Small-business group concerned about bill to change license rules

Small-business group concerned about bill to change license rules

Florence Morning News
September 26, 2019

By Matthew Christian

FLORENCE, S.C. – The South Carolina Small Business Chamber of Commerce shares the concerns of Florence Mayor Stephen J. Wukela regarding a bill, proposed by state Rep. Wallace H. “Jay” Jordan, that change the way municipalities collect business license taxes.

Frank Knapp Jr. said via email on Sunday that the chamber shares Wukela’s concerns that the proposed bill would shift the business licenses tax burden from big to small businesses.

“Regarding the issue of the business fee being based on gross vs net revenue, we would argue that the bill is not “revenue neutral” for local small businesses given, as the Mayor points out, big corporations with home offices outside the city easily showing zero net revenue for the operation in the city,” Knapp said in his email.

Ted Pitts, president and CEO of the South Carolina Chamber of Commerce, disputed this, saying that the idea was proposed by the chamber’s small-business council.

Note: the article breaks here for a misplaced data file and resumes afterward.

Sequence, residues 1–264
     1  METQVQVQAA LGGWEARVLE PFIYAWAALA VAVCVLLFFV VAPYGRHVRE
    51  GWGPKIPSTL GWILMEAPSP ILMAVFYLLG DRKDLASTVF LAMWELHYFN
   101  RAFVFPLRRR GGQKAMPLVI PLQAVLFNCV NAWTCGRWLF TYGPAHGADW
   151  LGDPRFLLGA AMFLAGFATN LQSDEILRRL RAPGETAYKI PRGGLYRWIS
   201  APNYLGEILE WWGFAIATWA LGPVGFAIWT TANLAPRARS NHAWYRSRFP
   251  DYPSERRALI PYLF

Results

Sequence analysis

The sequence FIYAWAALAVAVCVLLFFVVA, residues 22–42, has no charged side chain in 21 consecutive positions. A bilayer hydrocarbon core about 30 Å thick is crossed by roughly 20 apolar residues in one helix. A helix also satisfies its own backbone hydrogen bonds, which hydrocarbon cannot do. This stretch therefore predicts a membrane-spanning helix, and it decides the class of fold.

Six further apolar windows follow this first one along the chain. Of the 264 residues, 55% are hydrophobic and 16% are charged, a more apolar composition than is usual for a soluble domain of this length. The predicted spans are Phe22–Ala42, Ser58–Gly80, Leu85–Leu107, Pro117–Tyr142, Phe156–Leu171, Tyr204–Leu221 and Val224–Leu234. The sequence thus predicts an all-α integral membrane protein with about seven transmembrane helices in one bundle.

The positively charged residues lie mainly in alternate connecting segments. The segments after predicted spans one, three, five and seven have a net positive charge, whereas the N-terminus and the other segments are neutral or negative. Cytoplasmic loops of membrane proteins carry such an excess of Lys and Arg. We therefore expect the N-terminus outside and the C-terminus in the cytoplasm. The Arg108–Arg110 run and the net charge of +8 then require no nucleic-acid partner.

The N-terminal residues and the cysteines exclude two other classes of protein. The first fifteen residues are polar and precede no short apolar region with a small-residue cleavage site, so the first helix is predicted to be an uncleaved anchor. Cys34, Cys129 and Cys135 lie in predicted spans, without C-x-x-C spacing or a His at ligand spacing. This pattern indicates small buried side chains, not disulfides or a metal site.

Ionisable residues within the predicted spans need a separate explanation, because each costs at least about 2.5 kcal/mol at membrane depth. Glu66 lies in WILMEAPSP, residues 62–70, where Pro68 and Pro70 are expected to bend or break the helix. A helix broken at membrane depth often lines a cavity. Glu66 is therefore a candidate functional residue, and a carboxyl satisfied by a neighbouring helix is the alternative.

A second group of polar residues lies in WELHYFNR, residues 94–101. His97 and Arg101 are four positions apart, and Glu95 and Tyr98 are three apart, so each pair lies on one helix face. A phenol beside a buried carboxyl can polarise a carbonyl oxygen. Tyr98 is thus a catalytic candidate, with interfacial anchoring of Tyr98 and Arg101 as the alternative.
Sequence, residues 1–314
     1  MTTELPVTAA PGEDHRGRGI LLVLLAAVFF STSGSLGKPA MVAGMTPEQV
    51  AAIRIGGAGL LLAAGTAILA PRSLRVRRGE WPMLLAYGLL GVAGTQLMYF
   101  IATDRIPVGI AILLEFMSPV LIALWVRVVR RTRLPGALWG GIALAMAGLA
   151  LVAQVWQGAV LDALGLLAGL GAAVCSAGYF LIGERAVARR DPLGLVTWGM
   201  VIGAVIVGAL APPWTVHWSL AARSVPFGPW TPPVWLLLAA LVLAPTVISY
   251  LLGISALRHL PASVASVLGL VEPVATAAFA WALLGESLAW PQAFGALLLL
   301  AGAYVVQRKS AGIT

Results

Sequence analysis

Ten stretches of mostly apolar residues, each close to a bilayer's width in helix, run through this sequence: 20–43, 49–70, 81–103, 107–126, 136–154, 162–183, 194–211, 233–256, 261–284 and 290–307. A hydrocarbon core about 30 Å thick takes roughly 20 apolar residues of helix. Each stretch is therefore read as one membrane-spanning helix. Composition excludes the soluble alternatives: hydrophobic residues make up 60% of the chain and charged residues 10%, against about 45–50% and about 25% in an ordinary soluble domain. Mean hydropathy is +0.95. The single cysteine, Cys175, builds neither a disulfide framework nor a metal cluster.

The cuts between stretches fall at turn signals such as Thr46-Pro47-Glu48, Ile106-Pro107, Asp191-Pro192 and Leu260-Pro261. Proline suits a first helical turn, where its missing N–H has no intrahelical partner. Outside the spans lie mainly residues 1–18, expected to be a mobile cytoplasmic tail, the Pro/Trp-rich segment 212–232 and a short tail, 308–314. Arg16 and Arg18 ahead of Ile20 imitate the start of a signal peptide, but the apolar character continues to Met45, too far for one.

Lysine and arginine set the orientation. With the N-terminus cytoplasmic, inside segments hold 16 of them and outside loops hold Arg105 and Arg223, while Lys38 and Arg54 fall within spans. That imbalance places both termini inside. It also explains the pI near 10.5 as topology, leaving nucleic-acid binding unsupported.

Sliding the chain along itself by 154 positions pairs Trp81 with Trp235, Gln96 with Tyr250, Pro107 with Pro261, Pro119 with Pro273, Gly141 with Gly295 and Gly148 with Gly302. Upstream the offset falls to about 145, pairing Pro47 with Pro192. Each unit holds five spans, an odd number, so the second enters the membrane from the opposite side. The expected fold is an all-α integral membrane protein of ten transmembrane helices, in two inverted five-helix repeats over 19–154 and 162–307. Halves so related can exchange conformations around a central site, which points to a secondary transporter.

“The call for business license tax reform came from our Small Business Council and is their top priority,” Pitts said. “The current system is cumbersome and difficult to comply with for small businesses that do business across multiple towns and cities. Moving from a gross receipts tax to a net tax is good for small companies trying to thrive.”

Knapp said that like the state municipal association, the South Carolina Small Business Chamber has supported since at least 2010 a standardized, online business license form for all cities in the state to use. He added that the small business chamber has never advocated for the state to tell municipalities the fees to charge or the criteria.

“Our efforts were always about simplification and convenience for businesses in filling out the forms,” Knapp said.

The bill, H.B. 4431, provides structure to the collection of business license taxes by municipalities in the Palmetto State.

Currently there is little uniformity in the way business license taxes are collected, meaning that different municipalities can have different filing dates, different forms to fill out, different fee structures, and different business classifications.

The bill proposes a uniform system of business license application, with filing dates and classifications standardized and available to be filled out online on a webpage of the office of Secretary of State Mark Hammond. It also would change the collection of taxes from collection based upon gross revenues of the business to collection based upon the net income of a business.

Gross revenue is the amount a business makes without accounting for expenses required to produce its product or service. Net income is the amount left over once a business has subtracted its expenses from its gross revenues.